“Progressive nodular fibrosis of the skin” or “multiple benign progressive fibromatosis of the skin” is a very rare disease. The condition was firstly described by Stevanović in 1977 in a 44-year-old man who developed multiple skin nodules from the age of 10 years. We were able to discover in the literature only a further case reported by Bauer et al in a 33-year-old man who noticed the first nodules fifteen years earlier. Thus, to the best of our knowledge, our patient is the first pediatric case of progressive nodular fibrosis of the skin reported in literature to date.
The clinical presentation of this unusual disorder is quite non specific occurring as a papulonodular eruption of reddish-brown elements without associated symptoms. In our case, at physical examination, the oldest resembled an hypertrophic scar, but the newer ones did not show any cicatricial aspect. History of varicella during the preceding months induced the suspect of a post-varicella keloid reaction in the first lesion, but the histology was not typical of a keloid scarring. In addition multiple nodules continued to occur throughout the following months.
Histological examination is mandatory to achieve a correct diagnosis showing the presence of numerous spindle-shaped fibroblasts in the dermis. Keloids are characterized by the presence of acellular hyalinized eosinophilic collagen bundles. Nodular scleroderma is a fibrosing reaction, presenting well-defined, firm, raised nodules, resembling keloids which usually occur in patients already suffering of scleroderma. Histological findings consist of inflammation at the dermal-subcutaneous junction and hyalinized collagen bundles. Connective tissue nevus (collagenoma) is usually observed in the first years of life and is histopathologically characterized in the dermis by a diffuse increase of normal appearing collagen.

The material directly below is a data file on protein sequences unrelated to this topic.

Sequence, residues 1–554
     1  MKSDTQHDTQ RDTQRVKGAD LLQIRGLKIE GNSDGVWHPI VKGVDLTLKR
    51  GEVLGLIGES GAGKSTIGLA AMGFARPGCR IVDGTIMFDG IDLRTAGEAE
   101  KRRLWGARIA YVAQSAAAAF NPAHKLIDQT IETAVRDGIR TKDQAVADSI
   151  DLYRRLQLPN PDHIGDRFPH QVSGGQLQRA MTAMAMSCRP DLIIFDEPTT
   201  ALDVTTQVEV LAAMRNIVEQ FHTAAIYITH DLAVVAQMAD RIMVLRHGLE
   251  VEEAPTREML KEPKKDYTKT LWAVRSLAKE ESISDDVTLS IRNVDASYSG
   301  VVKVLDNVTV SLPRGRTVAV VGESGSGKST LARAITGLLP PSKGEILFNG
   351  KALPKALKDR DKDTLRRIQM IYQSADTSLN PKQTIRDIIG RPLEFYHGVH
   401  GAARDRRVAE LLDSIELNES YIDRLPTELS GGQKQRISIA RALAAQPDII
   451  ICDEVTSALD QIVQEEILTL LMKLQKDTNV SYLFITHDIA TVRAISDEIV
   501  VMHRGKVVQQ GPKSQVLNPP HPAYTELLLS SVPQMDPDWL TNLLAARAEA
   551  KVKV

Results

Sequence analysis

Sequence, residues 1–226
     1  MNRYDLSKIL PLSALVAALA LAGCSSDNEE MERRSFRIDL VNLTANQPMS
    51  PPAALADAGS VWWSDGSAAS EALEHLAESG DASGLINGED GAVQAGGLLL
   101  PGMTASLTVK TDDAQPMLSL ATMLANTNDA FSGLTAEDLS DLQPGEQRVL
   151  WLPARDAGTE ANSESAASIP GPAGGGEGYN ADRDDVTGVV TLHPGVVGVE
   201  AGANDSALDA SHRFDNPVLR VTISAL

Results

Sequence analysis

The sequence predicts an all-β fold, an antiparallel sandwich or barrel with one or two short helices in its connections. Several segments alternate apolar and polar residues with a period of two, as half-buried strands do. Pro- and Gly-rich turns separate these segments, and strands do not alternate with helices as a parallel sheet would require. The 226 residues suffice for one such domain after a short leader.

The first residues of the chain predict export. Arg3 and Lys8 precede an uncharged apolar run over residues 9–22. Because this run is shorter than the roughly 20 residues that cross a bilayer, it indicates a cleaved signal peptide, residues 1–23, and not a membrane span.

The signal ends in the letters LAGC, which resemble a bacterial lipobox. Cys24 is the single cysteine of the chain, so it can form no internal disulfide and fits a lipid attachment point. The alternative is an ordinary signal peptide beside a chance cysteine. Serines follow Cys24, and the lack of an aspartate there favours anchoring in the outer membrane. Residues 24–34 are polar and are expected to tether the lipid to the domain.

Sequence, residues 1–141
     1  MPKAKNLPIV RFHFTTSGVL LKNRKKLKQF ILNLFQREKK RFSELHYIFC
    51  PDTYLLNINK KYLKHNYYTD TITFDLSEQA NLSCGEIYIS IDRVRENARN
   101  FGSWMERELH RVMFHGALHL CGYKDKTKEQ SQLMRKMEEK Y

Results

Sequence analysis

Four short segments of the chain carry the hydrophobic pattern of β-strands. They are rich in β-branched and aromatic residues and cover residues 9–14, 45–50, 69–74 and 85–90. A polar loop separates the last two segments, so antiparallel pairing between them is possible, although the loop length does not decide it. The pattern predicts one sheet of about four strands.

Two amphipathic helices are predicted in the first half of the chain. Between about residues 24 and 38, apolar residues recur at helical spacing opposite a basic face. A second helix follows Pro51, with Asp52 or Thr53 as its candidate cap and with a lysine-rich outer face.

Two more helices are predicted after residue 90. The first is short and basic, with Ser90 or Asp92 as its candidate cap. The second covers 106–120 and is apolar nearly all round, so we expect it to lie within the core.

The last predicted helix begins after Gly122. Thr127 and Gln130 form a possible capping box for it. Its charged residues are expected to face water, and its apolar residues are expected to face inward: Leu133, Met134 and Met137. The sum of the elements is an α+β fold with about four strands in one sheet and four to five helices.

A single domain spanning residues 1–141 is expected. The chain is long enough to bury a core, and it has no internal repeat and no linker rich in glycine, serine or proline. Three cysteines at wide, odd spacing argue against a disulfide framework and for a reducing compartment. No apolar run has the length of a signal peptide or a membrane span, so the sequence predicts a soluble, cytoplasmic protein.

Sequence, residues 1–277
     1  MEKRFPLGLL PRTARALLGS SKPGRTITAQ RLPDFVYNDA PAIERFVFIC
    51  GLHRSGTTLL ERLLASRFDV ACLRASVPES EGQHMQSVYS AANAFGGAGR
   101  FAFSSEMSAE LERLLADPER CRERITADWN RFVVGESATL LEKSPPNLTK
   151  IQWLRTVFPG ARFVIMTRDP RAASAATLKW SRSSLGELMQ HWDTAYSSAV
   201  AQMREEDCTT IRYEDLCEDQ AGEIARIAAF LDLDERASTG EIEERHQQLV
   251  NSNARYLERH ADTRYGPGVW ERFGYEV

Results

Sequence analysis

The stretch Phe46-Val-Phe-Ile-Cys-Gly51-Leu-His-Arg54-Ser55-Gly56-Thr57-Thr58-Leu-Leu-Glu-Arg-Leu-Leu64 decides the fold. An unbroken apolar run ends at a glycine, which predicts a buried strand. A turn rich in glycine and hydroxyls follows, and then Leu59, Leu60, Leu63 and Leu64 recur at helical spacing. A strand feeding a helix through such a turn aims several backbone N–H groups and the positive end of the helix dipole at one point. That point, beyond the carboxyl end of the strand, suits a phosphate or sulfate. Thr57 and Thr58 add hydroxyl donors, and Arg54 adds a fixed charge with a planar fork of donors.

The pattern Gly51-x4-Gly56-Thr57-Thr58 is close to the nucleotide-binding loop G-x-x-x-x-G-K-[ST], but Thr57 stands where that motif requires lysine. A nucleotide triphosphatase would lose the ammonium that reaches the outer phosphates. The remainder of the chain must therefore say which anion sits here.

Bauer et al in their paper reported the results of a molecular study showing an increased collagen synthesis and a reduced production of collagenase. The basic defect leading to this disorder is still unknown. However these authors postulated that the fibroblasts of those lesions may represent a clonal population of cells with an aberration in the transcription or translation during collagen synthesis. Also a posttranslational abnormality could not be excluded.
In conclusion, progressive nodular fibrosis of the skin is a rare and probably underestimated and misdiagnosed cutaneous disease. It should be added to the list of juvenile fibromatoses. This condition should be suspected in the presence of multiple, spontaneous papulonodular lesions occurring in adults as well as children. Histology is required for the diagnosis. The low number of reports does not allow to carry out a reasonable, specific protocol follow-up, but regular visits are strongly suggested, in our opinion, particularly in children.